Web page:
ENSURING SECURITY: Home Ministry asks Wisma Putra to decide on Manila's appeal to give more time to intruders
KLUANG: THE Home Ministry will let Wisma Putra decide on the request by the Philippines government to extend the deadline for the deportation of a group of armed intruders, claiming to be descendants of the Sulu sultan, from Lahad Datu in Sabah.
Minister Datuk Seri Hishammuddin Hussein, however, hoped that should the request be entertained, the extension would not be too long as the ministry would not compromise the country's sovereignty and the security of the people.
"Foreign Minister Datuk Seri Anifah Aman called me this morning and I told him I would leave it to Wisma Putra to decide.
"What is important is that we will not compromise on the country's safety and the dignity of the people in resolving the matter peacefully.
"If there is a request to extend the deadline, do not extend it for too long as there is a limit and time to tackle the issue in our quest to safeguard our country," he said after attending a briefing on the Barisan Nasional election machinery for the Sembrong parliamentary constituency here yesterday.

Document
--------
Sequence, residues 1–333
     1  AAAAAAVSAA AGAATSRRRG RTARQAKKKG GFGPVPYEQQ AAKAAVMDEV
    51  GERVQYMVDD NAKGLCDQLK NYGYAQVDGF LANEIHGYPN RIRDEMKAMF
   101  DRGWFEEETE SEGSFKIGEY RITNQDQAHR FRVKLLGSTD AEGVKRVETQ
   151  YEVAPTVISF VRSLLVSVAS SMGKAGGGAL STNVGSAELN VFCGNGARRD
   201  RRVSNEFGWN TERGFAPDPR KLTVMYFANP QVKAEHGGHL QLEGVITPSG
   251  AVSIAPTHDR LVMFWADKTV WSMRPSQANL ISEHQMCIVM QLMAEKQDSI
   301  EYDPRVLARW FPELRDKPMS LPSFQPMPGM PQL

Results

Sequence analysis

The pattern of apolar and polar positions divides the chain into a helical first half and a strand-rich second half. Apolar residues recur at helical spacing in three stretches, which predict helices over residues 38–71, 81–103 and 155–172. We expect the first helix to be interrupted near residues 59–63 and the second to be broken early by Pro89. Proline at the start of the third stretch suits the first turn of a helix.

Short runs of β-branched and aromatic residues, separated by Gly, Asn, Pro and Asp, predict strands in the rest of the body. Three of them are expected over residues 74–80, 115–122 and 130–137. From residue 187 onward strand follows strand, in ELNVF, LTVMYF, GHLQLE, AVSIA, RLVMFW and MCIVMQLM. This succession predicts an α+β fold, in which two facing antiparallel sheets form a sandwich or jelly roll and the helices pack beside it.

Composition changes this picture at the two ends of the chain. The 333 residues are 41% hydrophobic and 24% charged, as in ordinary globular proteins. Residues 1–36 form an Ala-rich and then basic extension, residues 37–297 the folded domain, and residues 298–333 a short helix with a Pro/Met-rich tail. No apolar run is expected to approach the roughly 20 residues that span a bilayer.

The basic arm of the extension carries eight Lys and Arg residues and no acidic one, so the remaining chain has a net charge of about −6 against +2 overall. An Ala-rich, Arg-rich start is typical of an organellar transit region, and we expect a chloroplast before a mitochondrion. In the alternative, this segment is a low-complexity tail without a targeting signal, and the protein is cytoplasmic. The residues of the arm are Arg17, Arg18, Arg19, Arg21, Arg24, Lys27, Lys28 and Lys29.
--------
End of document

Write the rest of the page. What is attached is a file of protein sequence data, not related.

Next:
Present was Kahang state assemblyman R. Vidyanathan.
The Philippines Department of Foreign Affairs on Friday requested Malaysia to extend the deadline until Tuesday to allow the intruders to withdraw peacefully.
Philippine Foreign Affairs Secretary Albert del Rosario said Manila was continuing its efforts to persuade the followers, who are engaged in a nearly two-week stand-off with Malaysian forces, to leave Sabah peacefully.
In Kota Kinabalu, Anifah yesterday said the government had agreed to extend the deadline to today for the "Royal Sulu Army" members holed up in Kampung Tanduo to leave Sabah.
On security measures, Hishammuddin said the police force, the army and the Malaysia Maritime Enforcement Agency were monitoring the situation, and assured that the situation was under control.
"The people should understand that the situation there is rather complex and view it in perspective as it differs from other cases involving al-Maunah, Abu Sayyaf and Jemaah Islamiah. The intruders in Lahad Datu are not militants or terrorists."